Another attack on MySpace has come from Jupiter Research. One of its analysts, Nate Elliott, has said that one of the website's favourite statistics, its 55m or so registered users, is a “mirage”. Half of people who sign up to social networks stop visiting after a month or so, he says. And although MySpace's unique user and page view numbers are impressive, he says, the likelihood is that a small share of its visitors generates most of the page views.Again, we see the 90-9-1 rule in effect. A small minority of users contribute the majority of content, page views, and whatever else you care to name. It appears that most "users" don't stick around for long. If the social networking market weren't saturated, we would see an upward trajectory in the number of active users. This is a piece of data I haven't been able to find. Most sources don't distinguish between active and inactive, but from the data thus far, I suspect that the growth of the user base will start to plateau at least until more people are connected to the Internet, and fresh blood can renew the tepid growth rate. The users that are interested in participating in social networks are likely to already be active participants while those who aren't have discovered that in themselves and given up contributing. Increasing competition from specialized social networks will also play a role in slowing the growth of generic networks like MySpace.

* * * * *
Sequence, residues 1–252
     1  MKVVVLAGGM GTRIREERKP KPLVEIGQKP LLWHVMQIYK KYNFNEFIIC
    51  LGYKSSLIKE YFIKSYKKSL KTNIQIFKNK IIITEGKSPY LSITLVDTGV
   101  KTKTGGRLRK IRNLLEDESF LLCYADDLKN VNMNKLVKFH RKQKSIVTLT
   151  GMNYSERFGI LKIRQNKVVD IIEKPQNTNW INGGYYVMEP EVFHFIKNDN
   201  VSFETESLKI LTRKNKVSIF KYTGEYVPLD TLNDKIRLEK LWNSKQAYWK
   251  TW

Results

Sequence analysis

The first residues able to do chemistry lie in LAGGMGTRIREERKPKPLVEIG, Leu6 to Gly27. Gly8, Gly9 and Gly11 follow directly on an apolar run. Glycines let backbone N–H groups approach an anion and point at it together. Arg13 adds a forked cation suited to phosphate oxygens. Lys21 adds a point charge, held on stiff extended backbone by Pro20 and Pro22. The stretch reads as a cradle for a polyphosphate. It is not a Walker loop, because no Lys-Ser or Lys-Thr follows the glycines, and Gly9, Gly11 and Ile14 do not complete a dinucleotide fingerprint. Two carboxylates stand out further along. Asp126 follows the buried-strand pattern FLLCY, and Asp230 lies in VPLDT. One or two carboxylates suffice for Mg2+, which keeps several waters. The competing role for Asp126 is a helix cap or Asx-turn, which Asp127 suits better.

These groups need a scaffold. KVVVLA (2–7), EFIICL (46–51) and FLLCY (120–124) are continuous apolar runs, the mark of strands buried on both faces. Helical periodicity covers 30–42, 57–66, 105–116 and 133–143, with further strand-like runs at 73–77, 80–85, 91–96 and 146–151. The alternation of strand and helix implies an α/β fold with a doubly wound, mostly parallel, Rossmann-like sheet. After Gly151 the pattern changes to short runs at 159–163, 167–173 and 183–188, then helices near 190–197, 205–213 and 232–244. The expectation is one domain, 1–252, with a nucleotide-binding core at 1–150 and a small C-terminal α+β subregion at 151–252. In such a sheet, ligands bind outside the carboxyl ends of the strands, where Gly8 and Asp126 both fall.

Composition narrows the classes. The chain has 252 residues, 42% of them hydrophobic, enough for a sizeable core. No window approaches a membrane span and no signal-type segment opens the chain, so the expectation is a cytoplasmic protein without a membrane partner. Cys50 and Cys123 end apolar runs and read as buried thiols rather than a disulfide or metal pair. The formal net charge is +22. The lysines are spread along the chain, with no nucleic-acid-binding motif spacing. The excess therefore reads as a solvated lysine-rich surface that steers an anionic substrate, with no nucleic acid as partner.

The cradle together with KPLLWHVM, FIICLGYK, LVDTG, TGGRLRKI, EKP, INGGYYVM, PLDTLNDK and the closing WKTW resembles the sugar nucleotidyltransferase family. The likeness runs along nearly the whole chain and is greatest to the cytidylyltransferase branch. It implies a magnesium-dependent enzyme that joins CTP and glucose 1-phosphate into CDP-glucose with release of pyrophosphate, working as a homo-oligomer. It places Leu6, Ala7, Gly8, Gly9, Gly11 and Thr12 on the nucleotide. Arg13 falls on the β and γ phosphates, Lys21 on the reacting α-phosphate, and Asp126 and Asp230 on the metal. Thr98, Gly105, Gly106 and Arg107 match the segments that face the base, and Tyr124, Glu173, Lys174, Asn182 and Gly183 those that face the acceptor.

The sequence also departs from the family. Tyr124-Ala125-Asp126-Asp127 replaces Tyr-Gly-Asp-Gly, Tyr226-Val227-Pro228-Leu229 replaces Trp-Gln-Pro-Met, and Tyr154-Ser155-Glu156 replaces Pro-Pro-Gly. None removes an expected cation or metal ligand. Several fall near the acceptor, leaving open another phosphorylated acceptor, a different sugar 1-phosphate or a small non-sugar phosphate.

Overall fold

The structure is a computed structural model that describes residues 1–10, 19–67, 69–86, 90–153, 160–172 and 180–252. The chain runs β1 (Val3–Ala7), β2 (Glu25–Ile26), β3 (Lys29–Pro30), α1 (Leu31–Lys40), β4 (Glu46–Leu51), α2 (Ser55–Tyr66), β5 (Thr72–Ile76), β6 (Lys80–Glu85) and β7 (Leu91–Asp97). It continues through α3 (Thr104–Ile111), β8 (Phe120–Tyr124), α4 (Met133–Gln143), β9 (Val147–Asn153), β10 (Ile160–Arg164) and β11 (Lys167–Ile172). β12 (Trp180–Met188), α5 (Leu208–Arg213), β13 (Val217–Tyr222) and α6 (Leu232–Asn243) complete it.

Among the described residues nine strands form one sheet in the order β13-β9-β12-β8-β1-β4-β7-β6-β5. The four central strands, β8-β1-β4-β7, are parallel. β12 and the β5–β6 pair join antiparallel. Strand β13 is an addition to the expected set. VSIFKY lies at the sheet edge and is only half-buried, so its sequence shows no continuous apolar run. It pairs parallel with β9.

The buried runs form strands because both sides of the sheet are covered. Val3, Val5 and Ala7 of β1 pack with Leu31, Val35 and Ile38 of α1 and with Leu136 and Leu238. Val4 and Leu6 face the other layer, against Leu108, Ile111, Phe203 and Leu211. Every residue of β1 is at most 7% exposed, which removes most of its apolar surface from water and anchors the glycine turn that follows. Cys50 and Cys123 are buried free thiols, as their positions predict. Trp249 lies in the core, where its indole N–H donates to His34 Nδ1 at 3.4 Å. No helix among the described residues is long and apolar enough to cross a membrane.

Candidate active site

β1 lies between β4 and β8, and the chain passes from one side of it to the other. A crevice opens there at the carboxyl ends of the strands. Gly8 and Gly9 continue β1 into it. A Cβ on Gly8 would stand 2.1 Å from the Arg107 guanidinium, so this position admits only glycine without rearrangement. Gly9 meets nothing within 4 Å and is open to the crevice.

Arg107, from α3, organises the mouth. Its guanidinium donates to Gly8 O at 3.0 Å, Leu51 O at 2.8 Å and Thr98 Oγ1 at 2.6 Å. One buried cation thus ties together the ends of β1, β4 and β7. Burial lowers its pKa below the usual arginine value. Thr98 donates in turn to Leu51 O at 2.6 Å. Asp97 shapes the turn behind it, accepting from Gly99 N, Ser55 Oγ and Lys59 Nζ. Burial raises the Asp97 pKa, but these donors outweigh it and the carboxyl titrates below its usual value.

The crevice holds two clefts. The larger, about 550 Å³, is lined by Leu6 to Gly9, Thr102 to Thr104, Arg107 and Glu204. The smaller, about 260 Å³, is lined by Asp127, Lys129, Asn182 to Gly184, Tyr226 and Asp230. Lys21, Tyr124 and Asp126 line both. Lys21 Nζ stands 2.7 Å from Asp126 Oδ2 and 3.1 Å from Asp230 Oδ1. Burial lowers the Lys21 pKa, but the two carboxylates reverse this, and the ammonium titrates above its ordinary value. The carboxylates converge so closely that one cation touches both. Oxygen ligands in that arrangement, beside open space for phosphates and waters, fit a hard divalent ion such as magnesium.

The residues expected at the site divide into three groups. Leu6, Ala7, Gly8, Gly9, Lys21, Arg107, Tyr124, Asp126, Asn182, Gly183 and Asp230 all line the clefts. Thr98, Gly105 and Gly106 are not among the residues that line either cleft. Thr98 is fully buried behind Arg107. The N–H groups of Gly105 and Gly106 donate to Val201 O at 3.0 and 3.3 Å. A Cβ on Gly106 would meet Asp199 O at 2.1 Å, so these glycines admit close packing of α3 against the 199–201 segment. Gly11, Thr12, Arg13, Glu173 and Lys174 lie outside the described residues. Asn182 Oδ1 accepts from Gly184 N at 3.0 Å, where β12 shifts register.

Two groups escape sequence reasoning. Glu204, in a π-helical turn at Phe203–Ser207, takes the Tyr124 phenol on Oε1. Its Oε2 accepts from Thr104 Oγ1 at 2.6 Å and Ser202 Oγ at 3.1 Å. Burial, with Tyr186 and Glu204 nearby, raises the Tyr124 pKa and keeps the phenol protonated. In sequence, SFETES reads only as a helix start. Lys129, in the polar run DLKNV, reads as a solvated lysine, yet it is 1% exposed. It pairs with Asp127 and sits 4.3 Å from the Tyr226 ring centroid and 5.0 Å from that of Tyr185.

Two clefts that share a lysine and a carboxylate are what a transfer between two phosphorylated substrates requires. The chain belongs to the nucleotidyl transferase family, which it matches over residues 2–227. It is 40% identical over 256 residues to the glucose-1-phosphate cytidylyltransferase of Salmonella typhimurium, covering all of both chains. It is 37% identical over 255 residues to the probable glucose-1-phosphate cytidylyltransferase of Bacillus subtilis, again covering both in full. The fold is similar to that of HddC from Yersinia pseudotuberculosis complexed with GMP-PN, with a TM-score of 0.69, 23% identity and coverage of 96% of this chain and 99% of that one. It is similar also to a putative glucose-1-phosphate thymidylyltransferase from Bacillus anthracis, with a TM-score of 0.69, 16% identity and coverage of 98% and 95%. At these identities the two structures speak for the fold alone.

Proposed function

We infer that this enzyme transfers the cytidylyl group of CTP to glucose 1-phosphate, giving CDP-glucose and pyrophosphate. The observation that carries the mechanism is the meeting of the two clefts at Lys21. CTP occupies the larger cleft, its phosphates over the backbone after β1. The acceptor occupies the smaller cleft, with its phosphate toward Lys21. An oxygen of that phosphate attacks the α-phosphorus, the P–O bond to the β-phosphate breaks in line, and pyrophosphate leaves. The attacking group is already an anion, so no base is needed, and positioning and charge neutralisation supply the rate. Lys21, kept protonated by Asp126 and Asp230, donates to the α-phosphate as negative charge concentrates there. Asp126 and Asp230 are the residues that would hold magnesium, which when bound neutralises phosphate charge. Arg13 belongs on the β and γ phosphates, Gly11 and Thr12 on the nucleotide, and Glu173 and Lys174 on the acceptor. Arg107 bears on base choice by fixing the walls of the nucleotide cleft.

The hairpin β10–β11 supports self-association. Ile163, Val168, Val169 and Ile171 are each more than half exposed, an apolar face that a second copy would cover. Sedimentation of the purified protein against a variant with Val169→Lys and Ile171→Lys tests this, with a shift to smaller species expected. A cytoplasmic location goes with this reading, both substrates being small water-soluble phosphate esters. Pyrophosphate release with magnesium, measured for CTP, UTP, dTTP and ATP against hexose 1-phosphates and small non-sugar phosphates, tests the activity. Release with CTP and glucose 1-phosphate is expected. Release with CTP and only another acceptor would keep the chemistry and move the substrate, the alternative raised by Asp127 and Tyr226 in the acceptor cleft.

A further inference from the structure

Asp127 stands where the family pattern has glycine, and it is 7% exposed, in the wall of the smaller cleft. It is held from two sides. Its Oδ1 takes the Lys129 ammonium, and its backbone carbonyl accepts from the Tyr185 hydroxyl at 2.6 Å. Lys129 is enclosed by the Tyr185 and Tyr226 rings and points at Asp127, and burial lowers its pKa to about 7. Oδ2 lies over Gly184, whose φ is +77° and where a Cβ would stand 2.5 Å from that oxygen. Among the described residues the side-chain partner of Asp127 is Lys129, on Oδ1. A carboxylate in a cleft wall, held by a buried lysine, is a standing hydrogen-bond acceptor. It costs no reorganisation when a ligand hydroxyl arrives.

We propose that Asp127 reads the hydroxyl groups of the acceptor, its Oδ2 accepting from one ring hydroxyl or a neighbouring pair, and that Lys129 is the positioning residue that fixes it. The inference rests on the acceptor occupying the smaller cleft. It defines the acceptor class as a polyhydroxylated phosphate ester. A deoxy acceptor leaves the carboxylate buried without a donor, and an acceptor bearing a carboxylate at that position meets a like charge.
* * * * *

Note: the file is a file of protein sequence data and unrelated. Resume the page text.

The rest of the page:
Even though I happen to suspect that the social networking market may be saturated, I don't think that the MySpace acquisition was a mistake for News Corp. The 90-90-1 rule may rule in cases where users contribute without coercion or particular incentive, but at MySpace, corporations, bands, and other publicity-hungry parties have a great deal of motivation in contributing to the social network. That's where the money is. The massive user base that is claimed is just a mirage that is used to hype the service and drive more traffic. A big network is more valuable than a small network because of scaling effects (a sort of n-squared rule). There are simply more "friends" you can make, and more consumers you can market to. In some ways, I think the social network phenomenon is illusory, driven by selective interpretation of the data and the hope of latching onto the next big thing.